Note: This QR code must be scanned to generate a key for a non KMS setup to provide access to the BIOS locally. There is no other way for the Sure Admin application to recognize that the owner of the application should be granted access to the BIOS. This key will be saved within the application in “View My Keys” section.

After the local access is configured using either method, we can verify the state with the following command -

Get-HPSureAdminState

At this stage, Sure Admin is configured and any attempts to access the BIOS locally or remotely will be interrupted and will not be permitted without the Sure Admin key pair.

Now we will look at how to make BIOS setting change with Sure Admin configured.

Leverage Sure Admin to make BIOS changes and perform BIOS updates

Perform a BIOS Setting Change

To make a BIOS setting change with Sure Admin enabled, a signed payload needs to be created and applied. For example, we will be enabling the Fast Charge setting with the commands below -

New-HPSureAdminBIOSSettingValuePayload -Name ”Fast Charge” -Value Enable -SigningKeyFile sk.pfx -OutputFile payload.dat -SigningKeyPassword test
Set-HPSecurePlatformPayload -PayloadFile payload.dat

 


Perform a BIOS Update

To perform a BIOS update, the .bin file is required, and the path will need to be specified when creating a new payload. See below for an example -

New-HPSureAdminFirmwareUpdatePayload -File bios.bin -SigningKeyFile sk.pfx -SigningKeyPassword test -OutputFile payload.dat
Update-HPFirmware -File bios.bin -PayloadFile payload.dat

 

Locally Accessing the BIOS

When a technician is physically present in front of a device and wants to enter the BIOS on a device, they can leverage the Sure Admin App to scan the QR code, displayed when Sure Admin is enabled and pressing F10 at power on.

Open the Sure Admin app and click on Scan QR code to scan the code.

Depending on whether KMS or LAK local storage method was used while Configuring Local Access scanning the QR code will show a pin to enter in the “Enter Response Code” box below the QR code.

 

 

For KMS systems, this works using Azure account permissions and for Local Setup it works through the key stored on the application that was generated leveraging the original key and is part of the pair to provide access.

Now we will cover disabling Sure Admin and deprovisioning Secure Platform Management

Disable Sure Admin

If you no longer wish to use Sure Admin on a device, we need to follow the steps below to disable Sure Admin.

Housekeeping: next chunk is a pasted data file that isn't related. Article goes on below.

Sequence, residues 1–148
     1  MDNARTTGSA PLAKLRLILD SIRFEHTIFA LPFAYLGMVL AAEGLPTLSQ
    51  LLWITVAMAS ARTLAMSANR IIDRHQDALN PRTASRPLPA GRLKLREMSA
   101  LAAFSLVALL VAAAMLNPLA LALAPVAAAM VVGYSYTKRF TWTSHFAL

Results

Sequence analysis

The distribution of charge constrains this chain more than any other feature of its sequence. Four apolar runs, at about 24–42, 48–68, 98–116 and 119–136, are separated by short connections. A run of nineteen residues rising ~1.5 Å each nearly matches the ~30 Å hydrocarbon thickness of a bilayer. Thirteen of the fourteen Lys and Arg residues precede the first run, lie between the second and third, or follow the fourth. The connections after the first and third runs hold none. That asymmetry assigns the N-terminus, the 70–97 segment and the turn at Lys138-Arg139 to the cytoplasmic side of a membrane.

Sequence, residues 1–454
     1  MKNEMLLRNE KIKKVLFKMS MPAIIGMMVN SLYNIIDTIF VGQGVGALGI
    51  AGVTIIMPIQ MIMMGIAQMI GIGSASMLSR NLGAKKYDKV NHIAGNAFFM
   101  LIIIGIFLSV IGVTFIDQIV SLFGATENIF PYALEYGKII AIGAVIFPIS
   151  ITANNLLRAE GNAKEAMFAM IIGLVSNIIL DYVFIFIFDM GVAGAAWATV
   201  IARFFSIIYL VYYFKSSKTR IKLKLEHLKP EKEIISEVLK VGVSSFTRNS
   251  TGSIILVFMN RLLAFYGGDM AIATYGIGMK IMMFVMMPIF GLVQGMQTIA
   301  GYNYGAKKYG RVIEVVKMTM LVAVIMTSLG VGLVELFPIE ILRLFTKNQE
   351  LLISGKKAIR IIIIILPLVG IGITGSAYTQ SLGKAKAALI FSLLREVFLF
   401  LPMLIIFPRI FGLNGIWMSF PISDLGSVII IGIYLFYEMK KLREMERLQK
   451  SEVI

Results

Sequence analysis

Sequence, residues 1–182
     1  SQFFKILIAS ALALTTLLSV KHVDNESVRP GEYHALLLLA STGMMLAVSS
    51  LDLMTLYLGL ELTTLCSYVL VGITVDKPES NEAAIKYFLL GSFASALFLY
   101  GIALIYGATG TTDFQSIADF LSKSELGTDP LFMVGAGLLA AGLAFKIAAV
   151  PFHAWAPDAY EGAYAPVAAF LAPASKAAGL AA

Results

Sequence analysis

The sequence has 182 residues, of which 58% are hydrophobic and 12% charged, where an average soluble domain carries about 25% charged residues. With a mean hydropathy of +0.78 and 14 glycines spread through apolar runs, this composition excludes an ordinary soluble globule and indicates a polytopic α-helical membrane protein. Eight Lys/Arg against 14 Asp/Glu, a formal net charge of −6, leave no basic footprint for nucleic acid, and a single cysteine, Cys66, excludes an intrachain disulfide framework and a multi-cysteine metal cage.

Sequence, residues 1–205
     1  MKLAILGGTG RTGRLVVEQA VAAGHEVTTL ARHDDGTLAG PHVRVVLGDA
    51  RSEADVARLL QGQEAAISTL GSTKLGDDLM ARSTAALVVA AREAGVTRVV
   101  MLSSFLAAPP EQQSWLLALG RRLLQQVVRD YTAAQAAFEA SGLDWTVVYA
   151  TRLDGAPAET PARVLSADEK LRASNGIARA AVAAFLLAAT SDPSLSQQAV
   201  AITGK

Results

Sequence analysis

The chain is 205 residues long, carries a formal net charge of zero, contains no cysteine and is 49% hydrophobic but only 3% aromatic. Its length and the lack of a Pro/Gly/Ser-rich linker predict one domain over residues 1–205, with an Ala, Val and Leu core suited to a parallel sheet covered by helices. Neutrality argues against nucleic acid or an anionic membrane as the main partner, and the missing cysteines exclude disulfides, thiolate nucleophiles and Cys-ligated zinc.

Before disabling Sure Admin, let’s verify the state of it -

Get-HPSureAdminState

 

If Sure Admin is enabled, we can continue to disable it with the steps below –

  • Disable Enhanced BIOS Authentication Mode (EBAM)
  • Deprovision Local Access Key
  • Deprovision Signing Key
  • Deprovision Endorsement Key
New-HPSureAdminBIOSSettingValuePayload -SigningKeyFile sk.pfx -Name "Enhanced BIOS Authentication Mode Local Access Key 1" -Value "" -OutputFile LAKDepropayload.dat -SigningKeyPassword test
Set-HPSecurePlatformPayload -PayloadFile LAKDepropayload.dat
New-HPSureAdminDisablePayload -SigningKeyFile sk.pfx -OutputFile SADisablePayload.dat -SigningKeyPassword test
Set-HPSecurePlatformPayload -PayloadFile SADisablePayload.dat

 

Deprovision the Device

If you would like the device to be deprovisioned, this can be achieved with the commands below -

New-HPSecurePlatformDeprovisioningPayload -EndorsementKeyFile kek.pfx -EndorsementKeyPassword test
Set-HPSecurePlatformPayload

 

To verify that the device is deprovisioned, let’s check the Secure Platform State -

Get-HPSecurePlatformState

 

Deployment Options

So far, we have covered how to setup and use Sure Admin on a single device. To replicate this for multiple devices in your environment you have the following options:

  • Configuration Manager: Within Configuration Manager you can take advantage of MIK (HP’s plugin for SCCM) to deploy Sure Admin or alternatively use the steps above with the Client Management Script Library (CMSL). For using CMSL it will need to be pushed to each device prior to following the steps mentioned above.  You can use any Manageability tool capable of pushing out scripts to take advantage of Sure Admin.  
  • Microsoft Endpoint Manager/Intune: For cloud customers HP offers HP Connect  for deploying and managing Sure Admin along with all BIOS Configuration. This is a simple and fast solution to manage your BIOS and protect it.
  • Manage devices individually: If none of the above options are applicable to you then you can always configure and manage devices individually by replicating the setup above using the same keys.

Authored By Casey Monroe and Meghna Gupta

Author : meghna.gupta